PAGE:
Advice for Advisors Looking to Make a Fresh Start

As RIAs continue to strike out on their own, they need to acknowledge some harsh realities.

Illustration by II /Bigstock photo

Illustration by II /Bigstock photo

Is this a trend with no end?

About 27,000 advisors— almost 9% of the 310,000 in the industry—changed jobs last year, according to a Cerulli Associates study. Many RIAs are moving from large brokerage houses to boutique firms and launching independent shops. The survey says 45% of wirehouse and regional advisors have considered going independent.

“The appetite for independence (for RIAs) continues to grow,” notes Marina Shtyrkov, a Boston, Mass.-based research analyst at Cerulli Associates. She says autonomy is one of two major factors driving defections to boutiques and one- or two-person shops. “They want more control over how they run their business.”

Secondly, RIAs want a much bigger piece of the pie. Instead of being compensated by say 40% to 60% of fees, they can have all of it, minus the cost of doing business.

Shtyrkov notes that advances in technology are making it easier for RIAs to set up shop and customize their tools. “You can pick and choose from financial planning tools to data aggregation tools, but at most broker dealers, you have more restrictions.”

Shtyrkov observes that many RIA defectors recoil from the “top-down management” style that often dominates the larger firms. “A successful advisor wants to be able to run their own practice as they see fit,” she says.

Patrick Brewer, founder and CEO of Austin, TX. -based SurePath Wealth Management, which oversees $60 million in assets, was surprised the turnover rate isn’t higher. Working independently or at a boutique firm, the RIA “owns their own business, owns the relationships, gets higher payouts and gets better access to technologies,” he says, compared to the often-outdated tech infrastructure at wirehouses. Moreover, they don’t face the same stringent SEC compliance regulations.

Brewer’s firm created a shared infrastructure model, which helps RIAs devise a tech platform, compliance process, marketing, and sales collateral to attract new clients. RIAs own their clients but pay an agreed upon fee of 10% to 50% to help defray shared marketing costs.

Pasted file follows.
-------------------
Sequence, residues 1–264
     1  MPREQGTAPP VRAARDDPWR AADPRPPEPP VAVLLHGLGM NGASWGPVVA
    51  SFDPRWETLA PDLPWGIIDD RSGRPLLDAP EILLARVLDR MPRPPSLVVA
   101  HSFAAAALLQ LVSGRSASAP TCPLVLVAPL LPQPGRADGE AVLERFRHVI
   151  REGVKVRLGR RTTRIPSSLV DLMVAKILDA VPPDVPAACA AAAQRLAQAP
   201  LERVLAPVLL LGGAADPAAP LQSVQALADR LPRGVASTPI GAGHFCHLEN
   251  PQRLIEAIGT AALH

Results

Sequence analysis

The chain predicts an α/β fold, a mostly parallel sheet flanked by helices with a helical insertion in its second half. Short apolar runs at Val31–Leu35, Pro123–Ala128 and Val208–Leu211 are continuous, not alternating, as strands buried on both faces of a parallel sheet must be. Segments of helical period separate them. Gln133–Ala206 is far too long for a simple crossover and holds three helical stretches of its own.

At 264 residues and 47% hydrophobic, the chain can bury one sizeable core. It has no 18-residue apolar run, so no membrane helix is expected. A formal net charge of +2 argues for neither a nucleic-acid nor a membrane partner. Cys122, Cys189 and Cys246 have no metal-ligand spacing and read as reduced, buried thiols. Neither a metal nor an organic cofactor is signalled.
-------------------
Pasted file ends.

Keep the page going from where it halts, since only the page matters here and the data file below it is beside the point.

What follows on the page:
However, many RIAs confront harsh realities when they go independent. “Sometimes advisors underestimate how difficult it can be to leave all of this support and resources and have to set up their own office space, IT system and computer, account transfer systems, etc,” Shtyrkov notes, though firms like Focus Financial Partners and HighTower Advisors are RIA consolidators that help with those technological transitions.

Furthermore, non-disclosure agreements at most large brokerage houses prevent RIAs from bringing their former clients with them, which means they have to start anew to find clients.

But for some RIAs autonomy trumps all.

Take 33-year-old Aaron Parrish, who launched Level Wealth Management, a one-person financial advisory service, in Greensboro, N.C. in March. He oversees $8 million in assets, a far cry from the $600 million under management at his previous firm.

Though Parrish speaks well of his former firm, he felt “stretched too thin” there. He worked with about 150 clients and handled approximately $100 million in assets. Now he’s aiming to limit his client base to no more than 80. This will enable him to provide more personal advice and have more frequent conversations.

Most of his former clients paid the same 1% of portfolio fees, so the clients with larger assets received essentially the same service as the ones with smaller investments. At Parrish’s new firm, he’s charging a $1,200 fee per quarter that covers financial planning, investment management and tax planning.

When Parrish suggested experimenting with different fee structures at his former firm, he was told that was untenable because it would result in the firm cutting its revenue by a substantial percentage.

Parrish took a handful of clients that he had agreements with before his previous firm, but for the most part, he’s marketing his firm to generate new clients.

For example, he’s running an educational financial seminar at a local college to get his name and business out, talking with CPAs and estate attorneys, and tapping social media.

Is the high RIA turnover a blip?

“I’m not sure if the percentage will always be 9%,” says Parrish. “But it’s inevitable that a certain percentage leave. You’ll never make everyone happy, just as it is, with clients.”

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